When electricity first emerged as a source of reliable power for industry, initially factories that had used mechanical sources of power retrofitted so that the complicated contraptions made of belts cams and axles that would allow motion to be distributed were powered by an electric motor. It took many years for the ways of working and the infrastructure to catch up to the possibility of putting electric motors in the machines and dispensing with the Heath Robinson nonsense.

In the middle of the last century as the efficiency of diesel fuel became increasingly attractive, a number of train locomotive manufacturers dabbled with the idea of building diesel-powered steam trains. In hindsight it’s a daft idea, but at the time the opportunity to be able to improve efficiency without wholesale infrastructure change must have seemed at least fleetingly attractive.

When personal computers first emerged, the killer business apps were based on digital manifestations of the typewriter, the slide projector and the Venetian system of accounting. The first killer network app used the metaphor of the postal system, and featured icons of envelopes at every given opportunity. Three decades on and at least three of those four ancient metaphors still rule in most businesses.

It’s really hard for a new technology to emerge and for it to find it’s new niche. Often there are long periods between first adoption and the new technology really finding its place, doing something that you simply couldn’t do before. Sometimes all they ever do is to ape the past.

In the recent hubbub about AI, and in particular the OpenAI ChatGPT engine, I’ve been thinking a great deal about how there is huge opportunity for us to automate things in a way that is simply analogous to how we currently do things. Unlike the electric motor or the word processor, however, I fear that this will result in the automation and scaling of stupid things.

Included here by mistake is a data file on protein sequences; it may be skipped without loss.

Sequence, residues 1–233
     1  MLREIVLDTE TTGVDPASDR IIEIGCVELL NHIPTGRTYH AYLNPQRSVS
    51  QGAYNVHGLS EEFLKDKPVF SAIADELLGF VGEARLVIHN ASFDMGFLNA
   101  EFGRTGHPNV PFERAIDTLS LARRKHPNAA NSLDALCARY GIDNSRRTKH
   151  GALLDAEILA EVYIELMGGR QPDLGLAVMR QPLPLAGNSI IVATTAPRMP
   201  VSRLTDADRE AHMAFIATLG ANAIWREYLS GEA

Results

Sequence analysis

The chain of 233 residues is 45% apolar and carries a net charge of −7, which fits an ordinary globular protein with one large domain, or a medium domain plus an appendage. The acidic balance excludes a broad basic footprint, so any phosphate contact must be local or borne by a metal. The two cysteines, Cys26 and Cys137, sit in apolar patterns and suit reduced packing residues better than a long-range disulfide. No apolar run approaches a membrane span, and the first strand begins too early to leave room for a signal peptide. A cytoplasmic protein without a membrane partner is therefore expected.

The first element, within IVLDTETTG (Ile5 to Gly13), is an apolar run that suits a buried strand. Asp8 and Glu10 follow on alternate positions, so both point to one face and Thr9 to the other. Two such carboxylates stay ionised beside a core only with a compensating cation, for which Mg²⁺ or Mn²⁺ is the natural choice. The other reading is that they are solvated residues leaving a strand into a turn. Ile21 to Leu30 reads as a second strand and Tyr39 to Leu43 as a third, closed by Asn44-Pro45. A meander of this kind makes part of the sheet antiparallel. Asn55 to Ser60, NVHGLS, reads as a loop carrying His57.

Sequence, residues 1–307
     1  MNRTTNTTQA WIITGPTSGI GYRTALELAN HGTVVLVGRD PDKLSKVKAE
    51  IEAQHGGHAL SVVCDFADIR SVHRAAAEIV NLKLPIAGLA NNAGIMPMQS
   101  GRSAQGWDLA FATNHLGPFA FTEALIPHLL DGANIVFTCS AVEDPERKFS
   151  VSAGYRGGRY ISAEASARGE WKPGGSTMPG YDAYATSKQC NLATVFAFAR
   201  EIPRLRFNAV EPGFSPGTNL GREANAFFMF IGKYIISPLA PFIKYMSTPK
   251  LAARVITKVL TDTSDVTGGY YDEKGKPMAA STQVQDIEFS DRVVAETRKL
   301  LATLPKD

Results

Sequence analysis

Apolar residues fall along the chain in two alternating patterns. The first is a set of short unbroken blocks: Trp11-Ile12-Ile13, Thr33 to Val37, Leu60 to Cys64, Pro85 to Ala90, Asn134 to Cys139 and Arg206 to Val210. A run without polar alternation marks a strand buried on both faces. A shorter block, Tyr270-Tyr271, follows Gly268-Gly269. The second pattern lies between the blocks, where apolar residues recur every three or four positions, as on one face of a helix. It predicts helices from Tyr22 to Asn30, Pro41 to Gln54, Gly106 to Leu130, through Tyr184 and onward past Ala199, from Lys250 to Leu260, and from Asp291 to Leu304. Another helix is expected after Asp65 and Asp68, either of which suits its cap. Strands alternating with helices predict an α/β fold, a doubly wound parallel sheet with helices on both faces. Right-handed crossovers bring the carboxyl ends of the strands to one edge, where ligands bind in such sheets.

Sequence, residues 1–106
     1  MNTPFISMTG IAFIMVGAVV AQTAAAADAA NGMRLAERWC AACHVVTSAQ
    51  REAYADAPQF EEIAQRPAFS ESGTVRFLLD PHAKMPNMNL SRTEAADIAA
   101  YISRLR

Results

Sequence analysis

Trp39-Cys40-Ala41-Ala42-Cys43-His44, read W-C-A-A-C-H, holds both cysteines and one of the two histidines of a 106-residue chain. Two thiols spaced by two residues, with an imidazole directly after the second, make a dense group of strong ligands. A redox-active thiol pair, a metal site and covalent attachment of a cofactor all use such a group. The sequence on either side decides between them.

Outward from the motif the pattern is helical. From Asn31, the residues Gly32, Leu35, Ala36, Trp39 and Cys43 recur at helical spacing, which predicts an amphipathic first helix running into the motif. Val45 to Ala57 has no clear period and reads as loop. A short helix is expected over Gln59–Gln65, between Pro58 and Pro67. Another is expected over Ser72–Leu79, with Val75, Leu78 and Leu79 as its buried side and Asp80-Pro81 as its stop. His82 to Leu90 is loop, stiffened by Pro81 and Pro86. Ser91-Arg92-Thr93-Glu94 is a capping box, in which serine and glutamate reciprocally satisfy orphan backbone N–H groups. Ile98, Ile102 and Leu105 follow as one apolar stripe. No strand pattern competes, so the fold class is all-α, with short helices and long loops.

Take, for example, performance management processes. I have heard folk talking about how ChatGPT could take the hard work out of creating performance objectives and even performance reviews. I can already smell the startups honing their propositions for Automated Performance Review, powered by AI.

On the face of it, what a wonderful idea. Nobody likes writing the bloody things, so why not hand off the drudgery to the machines? Well, because the whole process of performance management is the issue, not the filling out of interminable forms. Stick an NLP bot in the middle and you’ve created machines to do the work of communicating between humans. If no one can be bothered with performance management, why not get rid of performance management, rather than sticking daft exercises in the path of robots?

There is so much prose written to support processes and activities that are stupid. Procurement tenders, content marketing and CVs are three more that immediately spring to mind.

If you’ve identified a use case for removing the need for humans to write prose, can I boldly suggest that you might have identified a use case to simply stop doing? For goodness sake don’t give that work to machines. In the short term you’ll simply burn money for the sake of not looking at a problem properly, and in the long term they’ll remember and hold all that drudgery against you when they do become sentient.

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